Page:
Syracuse's chances of advancing to the Final Four out of the East region in the 2012 NCAA tournament seemed slim with Fab Melo, so where do the Orange stand now that Melo is ineligible for the Big Dance?
In a phrase, on the outside looking in.
Not that the Orange are in any way strangers to controversy and distraction. From accusations of child sexual abuse against long-time assistant Bernie Fine to details about Jim Boeheim's prior allowance of players who failed drug tests to play, to Melo's prior academic problems, Syracuse has handled every bit of adversity with poise en route to a 31-2 record and a No. 1 seed in March Madness.
Trouble is, the Orange can't just sweep this latest misstep under the rug—not for long, anyway. On the one hand, the 'Cuse know how to play without Melo. They spent three games without the sophomore center in the lineup earlier this season, when he was withheld on account of similar issues in the classroom.
On the other hand, the Orange know full well just how important Melo is to their success, particularly in light of the way they struggled in his absence. Their production in the paint and in second-chance points dipped considerably in Melo's absence, as did their ability to rebound and defend on the interior.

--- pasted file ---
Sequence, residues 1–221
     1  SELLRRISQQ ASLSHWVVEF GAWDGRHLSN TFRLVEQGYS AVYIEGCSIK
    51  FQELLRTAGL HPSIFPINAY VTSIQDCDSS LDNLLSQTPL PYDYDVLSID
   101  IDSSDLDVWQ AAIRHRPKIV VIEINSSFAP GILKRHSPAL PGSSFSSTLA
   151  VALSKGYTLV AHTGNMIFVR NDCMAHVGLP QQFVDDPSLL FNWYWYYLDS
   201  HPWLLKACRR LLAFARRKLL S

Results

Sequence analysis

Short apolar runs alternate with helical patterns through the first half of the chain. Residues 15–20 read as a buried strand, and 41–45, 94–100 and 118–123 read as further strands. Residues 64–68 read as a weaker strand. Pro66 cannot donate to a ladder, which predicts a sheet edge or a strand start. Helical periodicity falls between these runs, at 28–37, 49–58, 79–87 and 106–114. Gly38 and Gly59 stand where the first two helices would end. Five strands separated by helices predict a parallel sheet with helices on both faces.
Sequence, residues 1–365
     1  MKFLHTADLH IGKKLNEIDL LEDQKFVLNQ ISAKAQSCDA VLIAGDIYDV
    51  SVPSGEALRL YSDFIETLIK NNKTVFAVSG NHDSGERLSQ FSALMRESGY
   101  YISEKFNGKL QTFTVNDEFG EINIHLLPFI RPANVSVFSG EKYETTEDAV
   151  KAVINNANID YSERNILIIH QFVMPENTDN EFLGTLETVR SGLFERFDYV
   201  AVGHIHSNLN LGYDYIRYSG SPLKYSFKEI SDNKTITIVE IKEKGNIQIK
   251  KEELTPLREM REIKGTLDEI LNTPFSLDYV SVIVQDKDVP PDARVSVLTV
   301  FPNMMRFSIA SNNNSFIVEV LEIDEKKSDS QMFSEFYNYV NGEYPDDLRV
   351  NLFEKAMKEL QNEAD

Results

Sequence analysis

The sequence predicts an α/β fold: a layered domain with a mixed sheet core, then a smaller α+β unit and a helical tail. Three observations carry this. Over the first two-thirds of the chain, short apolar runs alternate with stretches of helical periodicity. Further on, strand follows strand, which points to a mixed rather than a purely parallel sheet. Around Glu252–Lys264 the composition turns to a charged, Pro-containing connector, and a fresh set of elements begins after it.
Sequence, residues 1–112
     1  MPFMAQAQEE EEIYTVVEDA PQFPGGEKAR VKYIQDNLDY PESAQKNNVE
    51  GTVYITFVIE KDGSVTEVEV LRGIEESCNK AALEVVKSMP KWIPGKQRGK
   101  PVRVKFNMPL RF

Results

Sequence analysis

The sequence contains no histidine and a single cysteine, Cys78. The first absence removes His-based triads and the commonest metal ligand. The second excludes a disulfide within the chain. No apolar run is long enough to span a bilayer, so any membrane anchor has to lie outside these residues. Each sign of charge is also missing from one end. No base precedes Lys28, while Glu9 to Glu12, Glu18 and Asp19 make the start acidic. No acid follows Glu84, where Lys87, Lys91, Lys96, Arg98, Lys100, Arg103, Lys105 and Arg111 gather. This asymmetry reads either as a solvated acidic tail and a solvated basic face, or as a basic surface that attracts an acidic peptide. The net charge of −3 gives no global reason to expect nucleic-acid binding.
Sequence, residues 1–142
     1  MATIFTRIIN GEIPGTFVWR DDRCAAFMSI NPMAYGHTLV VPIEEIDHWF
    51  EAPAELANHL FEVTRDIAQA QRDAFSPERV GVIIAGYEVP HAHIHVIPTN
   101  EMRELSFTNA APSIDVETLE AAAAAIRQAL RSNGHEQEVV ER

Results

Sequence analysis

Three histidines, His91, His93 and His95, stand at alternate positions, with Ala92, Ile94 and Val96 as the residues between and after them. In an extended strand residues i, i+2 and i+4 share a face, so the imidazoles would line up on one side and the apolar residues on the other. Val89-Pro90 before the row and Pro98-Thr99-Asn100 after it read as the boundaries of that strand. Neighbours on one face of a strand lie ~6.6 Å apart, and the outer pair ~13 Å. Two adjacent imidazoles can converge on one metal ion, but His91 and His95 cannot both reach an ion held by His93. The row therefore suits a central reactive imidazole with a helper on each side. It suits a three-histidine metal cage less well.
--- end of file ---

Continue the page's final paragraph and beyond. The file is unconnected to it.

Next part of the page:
That should come as little surprise, considering that Melo is the only physical post presence on whom Boeheim could rely. Baye Keita and Rakeem Christmas are both tall and long, but neither can be considered much of an intimidator down low.
That is crucial, considering how soft and easily penetrable Syracuse's 2-3 zone defense can be without an enforcer in the middle.
The Orange have more than enough talent to overcome Melo's loss against No. 16 seed UNC-Asheville, and even Kansas State or Southern Miss in the Round of 32.
But against sharpshooting teams like Vanderbilt and Wisconsin in the Sweet 16, the 'Cuse may not be so fortunate.
And should they survive and advance to the Elite Eight, they'd be hard-pressed to top Jared Sullinger and Ohio State without Melo in the middle.
So, if you had Syracuse inked for a trip to New Orleans, you'd be wise to reconfigure your bracket, or scrap it entirely, because as maddening as March Madness may be on its own accord, it's bound to be even more so for a now-shorthanded Syracuse squad.